At the risk of offending the world’s greatest poet, I’m going to bring up The Three Little Pigs. This fairy tale has hogged space in all our brains (sorry for the pun), and we all know its message: Don’t be lazy; it pays to work hard.

The Ugly Duckling teaches us not to judge by outward appearance. Chicken Little tells us not to make everything into an emergency. Little Red Riding Hood teaches us to be careful whom we trust. We have no problem extrapolating the lesson, even when it’s a pig or a chicken experiencing it.

Likewise, our world is filled with symbols. We all know the meaning of wedding rings, hearts, wise owls, dollar signs, rainbows, the Christian cross, the ankh, the Star of David, and a dozen different Christmas ornaments. In addition, there’s the o.k. sign, the Red Cross sign, recycling sign, danger sign, and the silhouettes on restroom doors. Company logos, emojis—our world is filled with symbols we never question.

Our church also uses many symbols. Just a few of them are the Angel Moroni, temples, stakes, the Sunstone, the Sacrament, the iron rod, the tree of life, CTR rings, the beehive, 12 oxen under a baptismal font, baptism itself and other sacred ordinances, covered wagons, missionaries, and our new logo featuring Thorvaldsen’s beautiful statue, The Christus.

At the dedication of the St. Louis Missouri temple, President Russell M. Nelson said, “In the temples, symbols are utilized to teach us spiritual things. For example, we admire that beautiful chandelier in the celestial room… Look at the many innumerable pieces in that chandelier, each one made beautiful as it reflects the light behind it. Can you see that each piece in that chandelier could represent some of the lineage of Abraham, Isaac, and Jacob illuminated by the light of the Lord?” Mirrors facing each other in sealing rooms also represent our family ties, stretching forward and backward into eternity.

So how can we approach the symbolism in Isaiah?  I’ve found that if I slow down and research, verses open up and bloom like a rose (aha—more symbolism!). I’d rather understand 10 verses than zoom through and not grasp a single concept.

We also need to know the time period, as Isaiah lived during the reign of four kings and at the time when the ten tribes were scattered. He witnessed many battles and takeovers, and the consequences of people failing to repent. He had much to teach the people, so he used imagery they—but not necessarily we—would understand.

Isaiah speaks of tents, which represent the protection of the Lord. We have stakes that are similar. Tents in that day were often expanded or reduced as needed. When they expand, more righteous people are in the fold. When they shrink, there are not as many. At least tents are not completely unfamiliar to us. Can you imagine if this were reversed and people then were trying to understand the aviation symbols President Dieter F. Uchtdorf uses? Yet we all know exactly what he means. The Three Little Pigs would be completely flummoxed by today’s computer references. Every era has its own imagery.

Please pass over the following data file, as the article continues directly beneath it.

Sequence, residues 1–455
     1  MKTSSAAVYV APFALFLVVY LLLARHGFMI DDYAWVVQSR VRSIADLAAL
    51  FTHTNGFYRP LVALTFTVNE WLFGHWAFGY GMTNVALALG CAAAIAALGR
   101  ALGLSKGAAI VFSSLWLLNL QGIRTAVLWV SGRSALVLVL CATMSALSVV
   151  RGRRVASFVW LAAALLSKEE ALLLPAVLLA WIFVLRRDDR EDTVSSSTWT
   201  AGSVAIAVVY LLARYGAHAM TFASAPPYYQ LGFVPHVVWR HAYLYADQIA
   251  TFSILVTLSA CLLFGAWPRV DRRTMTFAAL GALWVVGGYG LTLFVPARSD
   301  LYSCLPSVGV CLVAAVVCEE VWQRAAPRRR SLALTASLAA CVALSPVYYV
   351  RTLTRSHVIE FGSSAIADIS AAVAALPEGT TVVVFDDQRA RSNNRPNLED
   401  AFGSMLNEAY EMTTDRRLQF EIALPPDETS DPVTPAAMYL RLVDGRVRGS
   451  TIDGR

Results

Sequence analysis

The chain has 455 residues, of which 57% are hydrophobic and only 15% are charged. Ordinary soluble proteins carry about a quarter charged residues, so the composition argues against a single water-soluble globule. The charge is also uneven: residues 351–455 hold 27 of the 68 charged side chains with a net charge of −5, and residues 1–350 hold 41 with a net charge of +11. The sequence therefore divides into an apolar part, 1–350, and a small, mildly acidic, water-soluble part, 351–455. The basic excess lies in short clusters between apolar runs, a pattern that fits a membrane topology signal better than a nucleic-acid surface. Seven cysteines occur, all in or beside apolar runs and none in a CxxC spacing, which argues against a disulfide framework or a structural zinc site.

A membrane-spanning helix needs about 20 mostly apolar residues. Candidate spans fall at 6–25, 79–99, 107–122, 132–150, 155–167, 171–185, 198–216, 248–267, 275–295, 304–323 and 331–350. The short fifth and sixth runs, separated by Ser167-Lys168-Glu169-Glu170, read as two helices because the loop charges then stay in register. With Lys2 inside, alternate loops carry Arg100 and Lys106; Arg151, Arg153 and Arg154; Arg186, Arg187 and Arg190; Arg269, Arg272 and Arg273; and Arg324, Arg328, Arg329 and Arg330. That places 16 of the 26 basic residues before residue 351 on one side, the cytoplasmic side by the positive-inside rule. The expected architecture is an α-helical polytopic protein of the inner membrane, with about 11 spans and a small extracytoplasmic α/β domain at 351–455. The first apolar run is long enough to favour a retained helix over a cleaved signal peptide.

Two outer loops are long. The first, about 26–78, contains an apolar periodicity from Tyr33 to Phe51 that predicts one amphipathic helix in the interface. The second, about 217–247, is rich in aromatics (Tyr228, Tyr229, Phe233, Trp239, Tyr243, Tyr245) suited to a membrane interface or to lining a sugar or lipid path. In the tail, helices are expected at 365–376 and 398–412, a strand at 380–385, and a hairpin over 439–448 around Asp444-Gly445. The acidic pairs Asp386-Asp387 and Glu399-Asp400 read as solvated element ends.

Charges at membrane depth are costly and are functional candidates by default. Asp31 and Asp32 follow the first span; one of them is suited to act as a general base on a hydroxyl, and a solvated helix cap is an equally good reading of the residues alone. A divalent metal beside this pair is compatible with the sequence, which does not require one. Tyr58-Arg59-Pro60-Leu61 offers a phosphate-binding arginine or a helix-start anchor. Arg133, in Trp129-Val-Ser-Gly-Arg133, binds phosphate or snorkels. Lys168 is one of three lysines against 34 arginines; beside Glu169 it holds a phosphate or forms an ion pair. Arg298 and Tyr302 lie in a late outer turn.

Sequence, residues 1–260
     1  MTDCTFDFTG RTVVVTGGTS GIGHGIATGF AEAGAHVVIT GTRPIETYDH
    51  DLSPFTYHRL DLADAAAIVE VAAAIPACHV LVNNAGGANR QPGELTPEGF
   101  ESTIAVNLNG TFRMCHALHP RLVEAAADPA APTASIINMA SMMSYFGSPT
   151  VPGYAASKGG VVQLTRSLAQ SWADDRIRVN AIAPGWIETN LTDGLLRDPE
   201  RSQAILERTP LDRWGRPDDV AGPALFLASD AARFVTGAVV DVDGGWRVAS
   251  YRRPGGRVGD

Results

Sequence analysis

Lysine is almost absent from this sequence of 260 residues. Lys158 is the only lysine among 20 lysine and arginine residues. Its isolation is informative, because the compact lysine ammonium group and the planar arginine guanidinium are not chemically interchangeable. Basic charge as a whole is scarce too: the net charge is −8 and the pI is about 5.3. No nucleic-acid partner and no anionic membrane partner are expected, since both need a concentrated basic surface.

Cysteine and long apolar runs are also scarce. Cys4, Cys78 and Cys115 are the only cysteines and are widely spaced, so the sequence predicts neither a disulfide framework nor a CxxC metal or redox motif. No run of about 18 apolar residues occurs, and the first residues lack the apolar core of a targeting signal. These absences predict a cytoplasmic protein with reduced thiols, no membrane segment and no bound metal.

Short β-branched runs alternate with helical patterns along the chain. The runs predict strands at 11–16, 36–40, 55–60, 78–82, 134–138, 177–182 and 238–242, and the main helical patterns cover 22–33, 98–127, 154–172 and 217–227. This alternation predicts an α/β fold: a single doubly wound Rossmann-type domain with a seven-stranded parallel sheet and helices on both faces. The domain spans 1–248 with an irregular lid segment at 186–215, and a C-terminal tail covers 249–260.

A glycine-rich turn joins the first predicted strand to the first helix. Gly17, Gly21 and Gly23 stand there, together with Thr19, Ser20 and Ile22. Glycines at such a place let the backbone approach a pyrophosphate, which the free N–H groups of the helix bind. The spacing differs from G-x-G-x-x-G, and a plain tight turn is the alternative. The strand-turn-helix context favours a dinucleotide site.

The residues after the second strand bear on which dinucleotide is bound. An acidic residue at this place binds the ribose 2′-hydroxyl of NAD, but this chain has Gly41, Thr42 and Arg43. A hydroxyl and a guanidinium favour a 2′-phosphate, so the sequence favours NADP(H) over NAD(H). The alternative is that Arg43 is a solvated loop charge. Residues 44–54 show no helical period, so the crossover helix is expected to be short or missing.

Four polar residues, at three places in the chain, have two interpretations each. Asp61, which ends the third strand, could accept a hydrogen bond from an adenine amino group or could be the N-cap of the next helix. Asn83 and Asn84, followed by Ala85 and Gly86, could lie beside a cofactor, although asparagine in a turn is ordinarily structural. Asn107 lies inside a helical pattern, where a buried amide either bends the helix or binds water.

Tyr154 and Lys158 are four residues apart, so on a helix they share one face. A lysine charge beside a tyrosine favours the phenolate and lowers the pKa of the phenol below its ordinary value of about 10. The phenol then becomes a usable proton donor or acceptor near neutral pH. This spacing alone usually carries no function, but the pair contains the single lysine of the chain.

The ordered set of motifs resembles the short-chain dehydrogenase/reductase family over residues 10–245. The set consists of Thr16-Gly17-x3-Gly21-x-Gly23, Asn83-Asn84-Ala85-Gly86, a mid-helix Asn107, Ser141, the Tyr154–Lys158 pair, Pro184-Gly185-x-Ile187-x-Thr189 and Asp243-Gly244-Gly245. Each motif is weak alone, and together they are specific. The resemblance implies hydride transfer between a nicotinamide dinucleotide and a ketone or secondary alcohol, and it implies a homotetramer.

In this wonderful, holy book that rings with truths about our Redeemer, it’s interesting to note that Isaiah refers to the Lord as both the lamb and as the shepherd. These are familiar references to most of us, and cause no confusion.

Nakedness refers to guilt or shame, a girdle represents strength, a robe stands for righteousness, white means purity, and Babylon means worldliness. I’m guessing every reader of this article could have guessed those.

But some are trickier. When Isaiah describes stubbornness, he paints us a great picture: “thy neck is an iron sinew.”  I’d much rather have that image; it’s more memorable. And he knew that. When he described Abraham’s seed as being as numerous as the sand, we get a distinct picture in our minds. It really adds to the lesson he’s teaching.

Just as a visitor to a country learns new idioms and comparisons, we are sort of time travelers to Isaiah’s era, and are confronting the phrasing of that world as well. Lucky for us there are many more resources to help us today. Books, podcasts, articles, and Conference talks are available at the touch of a button. And now I’m picturing one of The Three Little Pigs touching a button on his vest and going, “Huh?”

Don’t be afraid to study Isaiah. It’s just our same society sideways. So much of what he said applies to us directly, and is interwoven with the Book of Mormon. It’s a beautiful work of art, filled with vital messages we need, and one of those rare objects you can honestly call a Masterpiece.

Hilton teaches Seminary. She is also an award-winning playwright, and the author of many best-selling Latter-day Saint books. Those, her humor blog, and YouTube Mom videos can be found on her website.